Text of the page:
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Socio-economic inequality in malnutrition among children in India: an analysis of 640 districts from National Family Health Survey (2015–16)
Authors: Shrikant Singh, Swati Srivastava, and Ashish Kumar Upadhyay
Source: International Journal for Equity in Health, 18: 203; DOI:10.1186/s12939-019-1093-0
Topic(s): Child health
Health equity
Country: Asia
Published: DEC 2019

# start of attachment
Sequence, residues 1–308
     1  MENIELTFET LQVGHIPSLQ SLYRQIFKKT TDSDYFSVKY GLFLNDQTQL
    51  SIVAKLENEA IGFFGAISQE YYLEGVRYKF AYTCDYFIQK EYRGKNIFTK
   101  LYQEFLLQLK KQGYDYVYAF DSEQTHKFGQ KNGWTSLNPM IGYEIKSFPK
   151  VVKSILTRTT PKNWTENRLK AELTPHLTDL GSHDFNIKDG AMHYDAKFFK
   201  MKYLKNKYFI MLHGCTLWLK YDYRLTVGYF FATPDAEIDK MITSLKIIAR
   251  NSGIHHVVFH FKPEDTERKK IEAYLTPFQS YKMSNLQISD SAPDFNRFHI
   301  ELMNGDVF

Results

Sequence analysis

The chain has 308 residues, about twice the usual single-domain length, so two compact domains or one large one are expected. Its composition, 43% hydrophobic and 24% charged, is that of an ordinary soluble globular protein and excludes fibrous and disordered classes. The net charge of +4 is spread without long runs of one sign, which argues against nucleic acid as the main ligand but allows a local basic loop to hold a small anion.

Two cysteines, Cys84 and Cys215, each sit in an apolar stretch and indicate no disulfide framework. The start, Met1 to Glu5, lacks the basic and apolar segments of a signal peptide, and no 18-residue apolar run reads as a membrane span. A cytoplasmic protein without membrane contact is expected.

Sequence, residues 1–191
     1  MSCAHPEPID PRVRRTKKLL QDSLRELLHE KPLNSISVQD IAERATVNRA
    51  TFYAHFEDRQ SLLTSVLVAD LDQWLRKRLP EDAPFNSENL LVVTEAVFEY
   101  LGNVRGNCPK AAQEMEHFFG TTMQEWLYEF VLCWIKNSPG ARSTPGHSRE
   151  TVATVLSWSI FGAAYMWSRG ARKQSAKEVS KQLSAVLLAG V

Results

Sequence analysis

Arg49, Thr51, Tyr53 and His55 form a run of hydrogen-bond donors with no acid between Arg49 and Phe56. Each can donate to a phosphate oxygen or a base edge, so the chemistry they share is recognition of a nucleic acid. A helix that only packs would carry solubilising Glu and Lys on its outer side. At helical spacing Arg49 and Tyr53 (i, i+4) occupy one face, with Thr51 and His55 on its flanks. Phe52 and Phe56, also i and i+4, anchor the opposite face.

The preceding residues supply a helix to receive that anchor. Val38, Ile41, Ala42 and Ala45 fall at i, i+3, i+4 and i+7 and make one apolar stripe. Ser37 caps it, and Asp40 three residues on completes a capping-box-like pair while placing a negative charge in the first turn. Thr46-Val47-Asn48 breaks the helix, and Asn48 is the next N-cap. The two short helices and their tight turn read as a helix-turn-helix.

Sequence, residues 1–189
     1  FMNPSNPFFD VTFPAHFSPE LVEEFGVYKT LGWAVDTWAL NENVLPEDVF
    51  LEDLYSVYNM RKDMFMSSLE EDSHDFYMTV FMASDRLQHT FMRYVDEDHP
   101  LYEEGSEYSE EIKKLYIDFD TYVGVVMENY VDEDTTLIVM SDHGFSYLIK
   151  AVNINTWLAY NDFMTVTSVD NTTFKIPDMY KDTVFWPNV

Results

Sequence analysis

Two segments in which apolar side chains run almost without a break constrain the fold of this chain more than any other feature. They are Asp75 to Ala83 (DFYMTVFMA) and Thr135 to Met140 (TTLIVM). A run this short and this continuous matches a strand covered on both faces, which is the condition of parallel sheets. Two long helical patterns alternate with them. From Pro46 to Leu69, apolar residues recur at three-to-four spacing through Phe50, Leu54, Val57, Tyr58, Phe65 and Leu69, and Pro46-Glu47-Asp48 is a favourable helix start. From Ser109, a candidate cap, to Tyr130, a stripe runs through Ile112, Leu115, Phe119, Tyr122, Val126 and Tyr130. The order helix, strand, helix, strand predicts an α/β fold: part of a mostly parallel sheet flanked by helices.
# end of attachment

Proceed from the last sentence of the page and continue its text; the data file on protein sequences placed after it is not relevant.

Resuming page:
Abstract: Background Despite a fast-growing economy and the largest anti-malnutrition programme, India has the world’s worst level of child malnutrition. Despite India’s 50% increase in GDP since 1991, more than one third of the world’s malnourished children live in India. Among these, half of the children under age 3 years are underweight and a third of wealthiest children are over-nutrient. One of the major causes for malnutrition in India is economic inequality. Therefore, using the data from the fourth round of National Family Health Survey (2015–16), present study aims to examine the socio-economic inequality in childhood malnutrition across 640 districts of India. Method Concentration curve and generalized concentration index were used to examine the socioeconomic inequalities in malnutrition. However, regression-based decomposition methodology was used to decomposes the causes of inequality in childhood malnutrition. Result Result shows that about 38% children in India were stunted and 35% were underweight during 2015–16. Prevalence of stunting and underweight children varies considerably across Indian districts (13 to 65% and 7 to 67% respectively). Districts having the higher share of undernourished children is coming from the particular regions like central, east and west part of the country. On an average about 35% of household in a district having the access of safe drinking water and 42% of household in a district exposed to open defecation. The study found the inverse relationship between district’s economic development with childhood stunting and underweight. The concentration of stunted as well as underweight children were found in least developed districts of India. Decomposition approach found that practice of open defecation is positively influenced the inequality in stunting and underweight. Further, inequality in undernutrition is accelerated by the height and education of the mother, and availability of safe drinking water in a district. Conclusions The districts that lied out in a spectrum of developmental diversity are required some specific set of information’s that covering socio-economic, demographic and health-related quality of life of people in those backward districts. More generally, policies to avail improved water and sanitation facility to public and female literacy should be continued. It is also important to see that the benefits of both infrastructure and more general economic development are spread more evenly across districts.